CPU OPT vs CPU FAN: Clarifying the Difference

CPU OPT vs CPU FAN

If you’re building your PC for the first time, you’ll need to know about what to connect to your motherboard and where. Yes, I’ve been there too. It’s not hard to get lost between all the headers and ports especially when they look all the same.

This time, we’re going to talk about two fan headers in specific. Even if we’re calling it CPU OPT vs. CPU Fan, they really don’t go neck to neck in a performance battle. However, there are some key differences.

I’ll try to explain what they are, their utility, and their function. By the end, we hope that you’ll have a clear idea about the whole thing by being able to put aside all confusion. So, let’s begin!

Defining a Fan Header

CPU fan header

I think before getting into the differences between the two types of fan headers, we need to talk a bit about what a fan header even is. The male half of a power connection can be seen on motherboards as rows of pins. These literally stick out like needles. So, it’s really hard to miss them.

On these headers, a female socket counterpart gets attached. Thus, the power connection gets completed.

Fan headers, as the name suggests, are used to provide electrical power to fans in general. They can be used to run other cooling systems on your computer as well. By cooling systems, I’m referring to AIO watercoolers like the MSI MAG Series CORELIQUID 240R or custom loops in general.

CPU_FAN and What it Does

The CPU_FAN header is known as the primary header on the motherboard. It’s basically where you need to connect your CPU cooler to. Be it a simple fan or a large one with a heatsink like the Cooler Master Hyper 212 RGB.

CPU fan

You might ask yourself, is it really important? Let’s answer that question like this: If it fails to provide power to the CPU cooler, the BIOS will prevent the PC from starting up. OR, your CPU will simply overheat and burn out.

Don’t wanna say goodbye to your CPU? Make sure the CPU_ FAN header works.

Just so you know, CPU_FAN headers are four-pin headers. This enables the fan speed to be controlled through the BIOS. This is actually necessary. Because when the CPU’s thermal sensors detect a certain rise in temps, the fan needs to act accordingly. This can also be done by desktop software or the OS.

Key Fact

Surprisingly, unlike the other headers of the motherboard, the CPU_FAN header has to remain connected to a fan. Otherwise, the computer simply won’t boot. Plus, any malfunction or disconnection of power with this fan header will result in an automatic shutdown.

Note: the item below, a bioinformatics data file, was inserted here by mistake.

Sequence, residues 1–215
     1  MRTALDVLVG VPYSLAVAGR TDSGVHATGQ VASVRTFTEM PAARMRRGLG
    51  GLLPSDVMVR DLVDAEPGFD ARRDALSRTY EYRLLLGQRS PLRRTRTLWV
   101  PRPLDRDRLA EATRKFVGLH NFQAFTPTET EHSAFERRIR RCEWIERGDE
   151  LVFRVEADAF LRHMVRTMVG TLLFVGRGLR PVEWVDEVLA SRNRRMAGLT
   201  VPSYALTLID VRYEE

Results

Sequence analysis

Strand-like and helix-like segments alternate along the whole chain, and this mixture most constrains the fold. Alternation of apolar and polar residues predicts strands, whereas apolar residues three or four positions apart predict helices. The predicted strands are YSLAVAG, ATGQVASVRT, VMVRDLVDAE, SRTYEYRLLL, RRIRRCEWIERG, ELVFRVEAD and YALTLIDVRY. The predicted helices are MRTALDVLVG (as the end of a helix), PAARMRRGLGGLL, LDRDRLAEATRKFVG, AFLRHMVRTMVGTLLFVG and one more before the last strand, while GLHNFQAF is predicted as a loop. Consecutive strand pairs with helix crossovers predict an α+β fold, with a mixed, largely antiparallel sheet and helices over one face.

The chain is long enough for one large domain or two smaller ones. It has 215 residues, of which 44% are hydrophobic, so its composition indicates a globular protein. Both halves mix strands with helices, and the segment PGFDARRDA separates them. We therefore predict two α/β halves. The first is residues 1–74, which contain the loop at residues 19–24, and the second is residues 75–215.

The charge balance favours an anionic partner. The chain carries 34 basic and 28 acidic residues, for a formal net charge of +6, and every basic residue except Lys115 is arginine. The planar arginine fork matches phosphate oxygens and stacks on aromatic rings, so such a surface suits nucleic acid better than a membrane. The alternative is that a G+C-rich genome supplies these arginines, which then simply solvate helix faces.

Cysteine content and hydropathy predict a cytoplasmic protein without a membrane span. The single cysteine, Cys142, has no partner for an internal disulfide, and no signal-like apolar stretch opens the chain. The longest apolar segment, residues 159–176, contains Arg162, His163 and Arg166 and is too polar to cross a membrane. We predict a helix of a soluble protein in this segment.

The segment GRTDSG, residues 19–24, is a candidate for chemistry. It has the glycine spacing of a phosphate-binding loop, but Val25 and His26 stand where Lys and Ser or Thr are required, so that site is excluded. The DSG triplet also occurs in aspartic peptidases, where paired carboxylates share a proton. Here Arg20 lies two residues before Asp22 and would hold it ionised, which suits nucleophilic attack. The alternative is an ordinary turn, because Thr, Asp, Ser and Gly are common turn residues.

CPU_OPT and Its Purpose

The CPU_OPT header is better known as an optional power header. The OPT in the name actually stands for optional. This acts as an additional source of power for coolers with larger heatsinks. As I said before, it can be used to power AIO/ Liquid coolers.

CPU opt

Keep note that these aren’t generally connected with the primary CPU cooler. CPU_OPT headers are 4-Pin ones as well. This means they can be made to act accordingly with temperature increase and decrease.

Key Fact

A major difference between CPU_OPT and CPU_FAN headers is that it doesn’t affect the PC boot in any way. Even if the cooling system is connected to this one and it starts malfunctioning, the PC won’t shut down. So, it can be said that they are inferior a bit in the safety department.

(You might get warnings regarding issues with the connected hardware though.)

How to Create the Connection

Now that you know pretty much about the details and functionality Let’s discuss a bit about the ways to connect them to an actual female port.

Connecting CPU_FAN

As I’ve said before, there’s really no alternative way to do this. The main CPU cooler will be connected through the female socket with the CPU_FAN male header. Just make sure the pins go through the socket properly. Don’t apply extra force. You DON’T want a broken CPU_FAN header.

Connecting a CPU_OPT

Well, this one pretty much goes just like the CPU_FAN header. The only probable difference here is that you can use a splitter to power multiple fans from the CPU_OPT.

Key Differences

CPU FAN

CPU OPT

Has a direct connection with the BIOS and affects PC boot and shutdown. Used as a common 4-Pin fan header and doesn’t affect PC boot or shutdown.
Originally made to power the CPU cooler. Primary purpose is to power other cooling systems associated with CPU cooling.
A splitter can’t be used to channel power elsewhere. Splitters can be used to provide power to multiple devices.

FAQ

Here are some pretty common questions that get asked regarding CPU OPT Vs CPU FAN. Let’s answer them, shall we?

Can I power a pump with a CPU_OPT?

Yes, it’s very much possible. This can work nicely with an AIO cooler. The CPU OPT, CHA FAN, or SYS FAN headers are great for this purpose. All you have to do is ensure that the radiator is connected to the CPU_FAN.

Is it possible to connect a fan hub into a CPU_FAN or a CPU_OPT?

Technically yes, you can. But it’s best not to use the CPU_FAN for anything else than the CPU itself. Also, you might want to take one that draws power externally from the power supply. Why take the risk?

Will a 4-Pin fan work on 3-Pin?

Yes, it will. But you won’t be able to control the fan speed. The fan will run at full speed all the way.

Closing the Discussion

I really don’t think I’ve left anything behind. I’ve gone through all the details to give you a complete overview on the “CPU_OPT vs CPU_FAN” topic. The questions on your mind should be answered by now.

So, let’s wrap it up for now. I hope you don’t fall into trouble when connecting the fans or understanding the particular header’s purpose. With that said, I bid you farewell.

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